Airport arrivals? They're a nightmare!Author: John M. (More Trip Reviews by John M.)
Date of Trip: May 2007
“What do you have to declare,” he rasped authoritatively.
Well hell, I’d never flown internationally before, was exceedingly green and had no idea what I was to declare.
“That I’m from Australia?” I declared hopefully.
He glared at me and told me not to be funny - then proceeded to spend almost an hour going through all my bags with all the fervor and enthusiasm of a latter day Sherlock Holmes about to crack open a big crime.
By the time I wandered into the arrival lounge, my girl friend, who was living in London, had given up all hope of seeing me. She was about to leave, figuring because the date was April 1, it was all a joke, and I was not coming after all.
As I recalled the London incident, I realized nothing had really changed since Heathrow. I remained a walking disaster in airports, where my middle names become “Dazed and Confused”.
My 1990 my arrival at Bali’s Denpasar Airport was a nightmare.
Not having read my travel documents properly (typical of me) I handed the taxi driver the first voucher I located in my travel wallet. Unfortunately the driver read no English and happily took the hotel voucher in place of the transfer voucher which I should have given him.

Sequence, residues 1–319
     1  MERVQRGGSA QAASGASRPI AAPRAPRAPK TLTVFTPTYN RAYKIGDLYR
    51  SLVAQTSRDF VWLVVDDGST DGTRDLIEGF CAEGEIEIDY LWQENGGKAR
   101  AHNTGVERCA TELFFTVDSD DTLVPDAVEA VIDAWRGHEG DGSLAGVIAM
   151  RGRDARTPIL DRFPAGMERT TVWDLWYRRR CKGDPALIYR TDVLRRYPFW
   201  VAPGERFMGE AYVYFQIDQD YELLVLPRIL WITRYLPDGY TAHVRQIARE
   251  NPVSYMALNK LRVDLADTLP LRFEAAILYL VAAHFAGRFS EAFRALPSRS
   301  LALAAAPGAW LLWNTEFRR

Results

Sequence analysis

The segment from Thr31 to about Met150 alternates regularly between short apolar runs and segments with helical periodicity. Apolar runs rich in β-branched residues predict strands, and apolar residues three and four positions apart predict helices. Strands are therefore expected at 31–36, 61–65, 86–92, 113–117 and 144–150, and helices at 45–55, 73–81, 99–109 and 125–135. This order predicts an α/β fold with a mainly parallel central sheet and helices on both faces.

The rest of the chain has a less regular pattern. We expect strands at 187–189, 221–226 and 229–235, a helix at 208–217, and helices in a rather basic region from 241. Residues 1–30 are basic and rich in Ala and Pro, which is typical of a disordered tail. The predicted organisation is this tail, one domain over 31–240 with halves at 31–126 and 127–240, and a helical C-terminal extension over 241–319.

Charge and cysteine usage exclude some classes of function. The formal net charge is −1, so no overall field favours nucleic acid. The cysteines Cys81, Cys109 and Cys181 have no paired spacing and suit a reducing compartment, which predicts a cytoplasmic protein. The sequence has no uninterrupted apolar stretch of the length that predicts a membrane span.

Luckily, the people at the hotel desk were more astute when I innocently handed them what I thought was the accommodation voucher.
“This is your airport transfer voucher, sir,” one explained, as another raced out to the taxi see if I had accidentally given him the hotel voucher – which of course I had.
Everything sorted itself out in the end, although the rest of the family stared at me as if I was totally mad.
Things never really improved during three additional trips to Bali.
In Kuala Lumpur in 2006 I was traveling solo – so at least I had no-one to embarrass apart than myself. After exiting immigration and customs I made my way a desk marked “Transport” and handed over my transfer voucher for the overnight stopover hotel (I was continuing my journey to Saigon early the next morning).
I showed the man behind the counter my transfer voucher, and asked where I would find my transport.
“Downstairs on the ground level sir, take the elevator,” he said, helpfully pointing to a bank of lifts.
I followed his advice. But how was I to know the elevator had back and front doors, and that when the damn thing stopped only the back doors opened and I found myself in a dark corridor with no sign of any transport.
It took me two elevator trips before I managed to get into an elevator with only front doors – and which opened on the right side where I discovered my minibus.
But my discomfort continued. I handed my transport voucher to the mini bus driver and chatted with the only other passenger – another Australian.
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